Serendipitous: (quickly) getting a handle on Jane Austen's works

By Walter Ang
August 11, 2000
Confuse Shoes column,

Over the past few months, I was able to catch up on my reading list. I got through a couple of books I've been meaning to digest. I would have felt totally pleased with myself, if it weren't for one elusive book that I couldn't finish. Every time I was done with a couple of chapters, I would stop, shake my head violently and throw the book across the room. Who knew reading "Pride and Prejudice" by Jane Austen would be such an ordeal? I don't know why it's so hard, considering I'd already read "Sense and Sensibility" by the same author.

The first time I encountered Jane Austen was when I watched the movie "Sense and Sensibility". When I saw it, I wasn't paying too much attention. As a consequence, I thought it was a dumb movie. My second encounter with Austen was yet with another film -- "Clueless". I didn't know this for a fact until I was reading some movie reviews, which pointed out that the movie was an adaptation of the Austen novel "Emma". Clueless was a hilarious movie. Jane Austen was a dead white female writer who wrote boring English novels that were made into dumb movies. I was semi-intrigued.

How could this be possible? I brought this up with some my friends who, as it turned out, have all read either "Sense and Sensibility", or "Pride and Prejudice", or worse, both. I was stupefied. When they found out I still hadn't, they were the ones who were stupefied. "Shame on you!", they reprimanded with a shaking finger. I retorted with, "At least I've seen the movie!" They rolled their eyeballs and admonished me, "Watch it again, and this time, pay attention!"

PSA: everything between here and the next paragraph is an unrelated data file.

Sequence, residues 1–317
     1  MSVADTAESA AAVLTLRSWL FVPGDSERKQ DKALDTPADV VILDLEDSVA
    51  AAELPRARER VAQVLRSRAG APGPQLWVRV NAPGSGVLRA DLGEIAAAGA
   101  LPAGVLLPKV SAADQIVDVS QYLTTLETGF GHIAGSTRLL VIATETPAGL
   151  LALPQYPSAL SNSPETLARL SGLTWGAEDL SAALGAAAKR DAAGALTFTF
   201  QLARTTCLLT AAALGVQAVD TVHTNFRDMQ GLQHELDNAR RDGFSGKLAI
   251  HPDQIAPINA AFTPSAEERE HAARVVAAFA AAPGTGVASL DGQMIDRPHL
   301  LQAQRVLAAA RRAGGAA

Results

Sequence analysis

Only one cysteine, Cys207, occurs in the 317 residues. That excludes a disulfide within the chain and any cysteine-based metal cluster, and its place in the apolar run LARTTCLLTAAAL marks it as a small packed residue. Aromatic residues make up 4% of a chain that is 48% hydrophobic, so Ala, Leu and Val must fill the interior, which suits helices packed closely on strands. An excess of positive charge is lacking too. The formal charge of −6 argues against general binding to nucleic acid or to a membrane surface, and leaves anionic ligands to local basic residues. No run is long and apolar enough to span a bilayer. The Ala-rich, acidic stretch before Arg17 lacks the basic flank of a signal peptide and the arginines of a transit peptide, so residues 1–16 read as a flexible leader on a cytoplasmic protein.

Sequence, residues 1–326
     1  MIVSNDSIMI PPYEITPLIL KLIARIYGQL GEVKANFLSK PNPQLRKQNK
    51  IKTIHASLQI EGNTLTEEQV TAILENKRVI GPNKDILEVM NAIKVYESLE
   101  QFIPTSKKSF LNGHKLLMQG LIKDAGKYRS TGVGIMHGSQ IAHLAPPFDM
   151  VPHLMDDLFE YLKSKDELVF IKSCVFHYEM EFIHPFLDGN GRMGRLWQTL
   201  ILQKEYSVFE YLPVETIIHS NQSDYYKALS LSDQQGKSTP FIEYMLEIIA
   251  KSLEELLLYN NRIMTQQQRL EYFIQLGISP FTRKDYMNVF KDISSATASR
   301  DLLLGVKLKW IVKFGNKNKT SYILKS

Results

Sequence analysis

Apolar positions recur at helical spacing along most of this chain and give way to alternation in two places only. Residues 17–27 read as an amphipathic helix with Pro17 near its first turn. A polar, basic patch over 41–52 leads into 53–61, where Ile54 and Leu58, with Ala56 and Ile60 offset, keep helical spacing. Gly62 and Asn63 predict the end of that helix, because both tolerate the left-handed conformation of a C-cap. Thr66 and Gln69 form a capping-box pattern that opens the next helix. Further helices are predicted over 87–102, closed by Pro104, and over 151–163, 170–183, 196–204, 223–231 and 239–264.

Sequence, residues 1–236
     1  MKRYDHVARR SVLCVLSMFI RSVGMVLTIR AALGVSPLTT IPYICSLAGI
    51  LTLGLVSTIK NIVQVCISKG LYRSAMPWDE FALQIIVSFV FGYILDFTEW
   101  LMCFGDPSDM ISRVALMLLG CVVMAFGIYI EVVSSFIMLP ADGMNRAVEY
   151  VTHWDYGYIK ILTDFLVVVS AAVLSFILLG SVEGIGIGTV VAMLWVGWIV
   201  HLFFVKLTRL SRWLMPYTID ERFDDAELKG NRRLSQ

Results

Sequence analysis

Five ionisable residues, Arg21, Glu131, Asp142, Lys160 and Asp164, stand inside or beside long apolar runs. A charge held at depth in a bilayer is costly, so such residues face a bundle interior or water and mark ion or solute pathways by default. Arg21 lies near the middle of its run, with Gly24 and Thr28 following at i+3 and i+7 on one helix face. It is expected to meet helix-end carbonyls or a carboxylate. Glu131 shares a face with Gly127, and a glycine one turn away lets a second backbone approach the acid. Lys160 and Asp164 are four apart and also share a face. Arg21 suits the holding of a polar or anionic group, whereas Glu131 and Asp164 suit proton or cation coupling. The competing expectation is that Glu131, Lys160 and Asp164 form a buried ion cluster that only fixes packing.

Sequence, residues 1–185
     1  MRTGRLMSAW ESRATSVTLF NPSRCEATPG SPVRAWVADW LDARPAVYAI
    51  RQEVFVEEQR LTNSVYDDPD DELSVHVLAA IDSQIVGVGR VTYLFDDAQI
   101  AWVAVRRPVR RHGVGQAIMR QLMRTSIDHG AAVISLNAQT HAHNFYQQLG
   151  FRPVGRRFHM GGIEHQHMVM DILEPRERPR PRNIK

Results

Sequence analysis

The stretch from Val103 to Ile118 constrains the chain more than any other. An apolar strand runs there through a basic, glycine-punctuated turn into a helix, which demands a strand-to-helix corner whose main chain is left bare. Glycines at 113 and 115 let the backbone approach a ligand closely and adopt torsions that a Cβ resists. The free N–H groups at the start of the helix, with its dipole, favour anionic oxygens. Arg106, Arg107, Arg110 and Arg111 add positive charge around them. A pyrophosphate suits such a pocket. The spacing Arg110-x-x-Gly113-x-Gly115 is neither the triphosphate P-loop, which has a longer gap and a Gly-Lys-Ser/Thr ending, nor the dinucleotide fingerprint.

Serendipitously, it was shown on cable TV that same week. I watched. I paid attention. And I discovered something: Jane Austen is really, really funny! The story of two sisters and their misadventures with men seemed so much like a silly Tagalog romance flick, only the women wore empire cut dresses and spoke with British accents.

I called up my friends and told them to send over their books. This is how I got into reading Austen, by watching it first. It's kind of embarrassing actually. I read "Sense and Sensibility" on and off at home, and sometimes, in boring laboratory sessions in school. I finished it. Not bad!

Reading Austen is no joke. She's funny, but you do need a little handle on the language to get some of the humor. Otherwise, it's a fun romp as you realize you're reading what is basically gossip. Austen talks about the neighbors and everyone else and their manners and their schemes at getting their daughters married off. She tells it to you like the hottest, juiciest news in town.

Going back to the problem of the unfinished book. I was desperate. Fortunately, the internet offered an interesting solution. I found out that there is a website [Book-a-minute Classics] that condenses books so that you can read one in a minute or less. I typed in Jane Austen and one mouse click later, a webpage appeared that featured all of her works in one condensed form. A few seconds later, I'd solved my problem.